If a painted surface is clean and in good shape, you typically can paint over it without removing the old paint. However, if the old paint is cracked, peeling, blistered, or otherwise loose, you're asking for trouble if you directly paint over it. While fresh paint will initially hide the imperfections, it won't be long before the underlying layer bubbles up and compromises your work. So to provide a solid base for your next paint color, you'll first have to spend some time on paint removal.
Scraping paint is usually done with a wire brush, a paint scraper, or a combination of both tools. This can be a tedious and time-consuming process. If you want, you can limit your efforts to the areas with imperfections and then sand to even out the surface. But for the smoothest finish, it's best to remove all the old paint before proceeding with your new color.
Paint sold before 1978 often contains lead. And if paint containing lead is loosened during the removal process, the chips and dust can pose a health risk if they're inhaled or ingested. If you suspect you might be working with old paint, test an area for the presence of lead. (Most hardware stores sell test kits.) If lead is present, follow EPA recommendations for its removal.
Here are three manual tools that are helpful for paint removal.
You can use a brush with tines made of metal wire to remove raised, peeling, or blistered paint. Wire brushes are inexpensive and quick to put into action, as opposed to a power sander that requires set-up time. In addition, wire brushes are valuable for cleaning paint scrapers and other tools, such as putty knives and wallboard knives.
Sweep the Wire Brush Over the Painted Surface
On areas of prominently peeling paint, lightly sweep your wire brush parallel to the edge of the peeling paint to lift it. Where the paint more closely hugs the surface, sweep in the direction of the paint strokes if they are visible. Otherwise follow the direction the paint seems to want to peel off the surface.
Clean the Wire Brush
When finished, clean the wire brush under running water.
Follow With a Paint Scraper if Necessary
A wire brush will usually remove the loosest paint well, but it's rarely enough to completely strip a surface. So you might have to do some follow-up work with a manual paint scraper.
Manual Paint Scraper
The manual paint scraper is an old, reliable way of removing paint. It does take some muscle to remove paint with a manual scraper, but going slowly with plenty of rest breaks will make for a successful job. There are multiple types of paint scrapers to help you get under those stubborn layers of old paint, including:
- 3-inch flat heavy-duty scraper: With its handle, this scraper gives you a firm grip as you push into the paint. This tool is flat and is shaped like a large putty knife.
- 2.5-inch two-edge paint scraper: Shaped like a large facial razor, this tool has a thin handle and a wide head. The head sometimes has replaceable scraper blades; shift to a new blade whenever the old one gets dull. This tool is designed to be pulled toward you rather than pushed forward.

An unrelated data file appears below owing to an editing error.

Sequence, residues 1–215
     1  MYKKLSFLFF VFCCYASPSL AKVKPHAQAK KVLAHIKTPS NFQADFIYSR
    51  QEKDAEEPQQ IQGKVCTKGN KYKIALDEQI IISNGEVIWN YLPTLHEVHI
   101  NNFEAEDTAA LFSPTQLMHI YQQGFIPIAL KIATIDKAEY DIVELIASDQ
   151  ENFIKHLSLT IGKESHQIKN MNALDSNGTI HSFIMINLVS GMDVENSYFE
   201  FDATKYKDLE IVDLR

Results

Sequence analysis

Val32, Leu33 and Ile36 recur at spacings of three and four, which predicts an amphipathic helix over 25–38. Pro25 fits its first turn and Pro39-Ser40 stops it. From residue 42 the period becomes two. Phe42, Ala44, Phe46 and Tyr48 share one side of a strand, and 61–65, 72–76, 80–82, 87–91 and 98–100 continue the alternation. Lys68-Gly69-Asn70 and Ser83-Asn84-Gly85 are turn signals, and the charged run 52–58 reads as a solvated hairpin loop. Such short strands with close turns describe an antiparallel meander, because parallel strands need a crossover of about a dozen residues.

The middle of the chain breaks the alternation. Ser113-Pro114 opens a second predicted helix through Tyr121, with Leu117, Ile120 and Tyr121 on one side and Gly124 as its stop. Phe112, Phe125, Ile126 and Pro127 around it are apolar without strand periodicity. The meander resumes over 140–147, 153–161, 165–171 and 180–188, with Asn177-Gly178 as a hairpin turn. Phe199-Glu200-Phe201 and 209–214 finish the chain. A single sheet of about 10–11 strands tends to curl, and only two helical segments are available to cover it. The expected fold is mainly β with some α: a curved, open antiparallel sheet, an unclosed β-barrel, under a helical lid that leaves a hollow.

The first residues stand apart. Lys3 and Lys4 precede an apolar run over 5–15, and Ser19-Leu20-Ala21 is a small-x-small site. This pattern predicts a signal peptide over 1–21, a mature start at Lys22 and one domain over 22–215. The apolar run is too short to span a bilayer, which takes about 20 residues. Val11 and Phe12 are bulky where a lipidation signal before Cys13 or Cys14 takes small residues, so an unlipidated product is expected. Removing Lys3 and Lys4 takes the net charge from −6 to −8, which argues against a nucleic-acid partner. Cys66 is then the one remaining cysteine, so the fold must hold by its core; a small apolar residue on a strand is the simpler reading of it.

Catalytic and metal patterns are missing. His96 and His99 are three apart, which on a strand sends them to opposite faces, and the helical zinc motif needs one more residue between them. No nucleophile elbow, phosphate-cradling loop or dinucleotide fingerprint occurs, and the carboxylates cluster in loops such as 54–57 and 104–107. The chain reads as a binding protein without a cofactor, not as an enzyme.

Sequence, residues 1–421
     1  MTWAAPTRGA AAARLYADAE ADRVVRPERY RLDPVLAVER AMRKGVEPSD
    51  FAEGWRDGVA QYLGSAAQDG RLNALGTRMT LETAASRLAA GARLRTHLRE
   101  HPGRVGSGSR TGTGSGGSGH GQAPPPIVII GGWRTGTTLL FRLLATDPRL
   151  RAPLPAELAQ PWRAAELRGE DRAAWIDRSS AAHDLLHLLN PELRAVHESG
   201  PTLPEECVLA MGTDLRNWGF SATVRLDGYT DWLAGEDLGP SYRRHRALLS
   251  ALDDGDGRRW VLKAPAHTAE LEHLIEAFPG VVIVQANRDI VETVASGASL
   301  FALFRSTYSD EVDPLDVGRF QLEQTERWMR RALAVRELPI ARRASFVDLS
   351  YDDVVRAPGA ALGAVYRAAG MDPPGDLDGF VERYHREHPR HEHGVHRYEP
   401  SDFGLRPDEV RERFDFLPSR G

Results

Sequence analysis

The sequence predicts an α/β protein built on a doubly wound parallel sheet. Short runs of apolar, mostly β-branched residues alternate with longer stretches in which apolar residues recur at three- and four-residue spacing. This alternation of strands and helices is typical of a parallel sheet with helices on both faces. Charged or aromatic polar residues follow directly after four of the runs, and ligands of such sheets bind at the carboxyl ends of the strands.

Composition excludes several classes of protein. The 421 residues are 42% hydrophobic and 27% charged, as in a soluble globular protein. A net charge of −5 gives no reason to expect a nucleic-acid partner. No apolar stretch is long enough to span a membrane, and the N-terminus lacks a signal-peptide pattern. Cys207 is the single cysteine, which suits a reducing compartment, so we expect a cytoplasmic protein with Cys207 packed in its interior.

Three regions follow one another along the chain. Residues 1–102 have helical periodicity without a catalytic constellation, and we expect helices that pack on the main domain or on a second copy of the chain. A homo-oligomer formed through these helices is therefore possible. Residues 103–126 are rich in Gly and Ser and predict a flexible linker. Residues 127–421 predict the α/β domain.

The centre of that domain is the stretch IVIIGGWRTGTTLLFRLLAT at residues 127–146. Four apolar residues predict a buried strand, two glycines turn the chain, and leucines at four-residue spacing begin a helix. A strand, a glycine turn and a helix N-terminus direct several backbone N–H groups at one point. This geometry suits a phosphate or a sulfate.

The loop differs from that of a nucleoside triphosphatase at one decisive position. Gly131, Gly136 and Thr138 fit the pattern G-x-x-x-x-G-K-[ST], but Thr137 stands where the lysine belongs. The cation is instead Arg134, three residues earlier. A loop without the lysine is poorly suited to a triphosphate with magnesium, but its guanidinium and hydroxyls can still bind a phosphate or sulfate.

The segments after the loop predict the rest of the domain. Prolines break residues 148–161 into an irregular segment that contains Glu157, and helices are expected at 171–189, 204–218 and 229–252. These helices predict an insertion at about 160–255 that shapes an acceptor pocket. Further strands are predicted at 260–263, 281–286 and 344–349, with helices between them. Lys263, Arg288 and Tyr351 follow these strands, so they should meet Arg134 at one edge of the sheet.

- Multi-use painter's tool: Known as a 5-in-1 tool, 8-in-1 tool, 14-in-1 tool, and several other permutations, this tool has great utility not just for scraping paint but for many forms of home improvement work. You can use this tool for spreading wood filler, chiseling, opening paint cans, cleaning rollers, and more.
- Putty knife: While a putty knife is designed for using wood filler or joint compound, its blunt end makes it ideal for scraping paint while reducing the chance of gouging the surface.
Run a Paint Scraper Over a Whetstone
It helps to have both a sharp scraper and a blunt scraper when removing paint. Run your sharp tool over a whetstone to hone the blade.
Scrape Loose Paint With the Blunt Tool
Begin with the blunt tool. Put the scraper end under any loose paint flakes and gently push. Continue pushing until the paint no longer comes up easily.
Switch to the Sharp Tool if Necessary
If the paint still has a raised edge, switch to the sharp tool. Place the scraper end under the raised edge, and gently press forward until the scraper doesn't easily lift the paint. Take care not to gouge the surface when working with a sharp scraper.
Wash the Scrapers
Wash your scrapers under running water, and dry them to prevent rust.
An electric heat gun rated for 1,000 watts or more is a valuable tool for removing paint. While heat guns are slow, they are effective. Some heat guns come with scraper attachments, which makes the paint-removal process even easier. But you also can work with a heat gun and a separate manual scraper.
Gather Your Scraper and Heat Gun
If you have a scraper head attachment for your heat gun, fit it onto the end of the gun while the tool is unplugged. If not, simply hold your heat gun in one hand and a blunt scraper in the other hand.
Plug In the Heat Gun and Heat the Paint
Begin with the heat gun turned to its low setting. If you have the scraper attachment, hold the tip of the tool close to the painted surface. If not, hold the heat gun about 6 inches away from the surface. Slightly waving the gun over the surface, let the paint heat up for roughly 20 seconds.
Press the Scraper Forward
Gently press the scraper attachment or manual scraper forward several inches to peel away the heated paint. If the paint has been adequately warmed, it will be slightly soft and easily peel away from the surface. Overheating the paint can make it gummy and harder to remove. Practice will help you determine the right amount of heating for easy removal.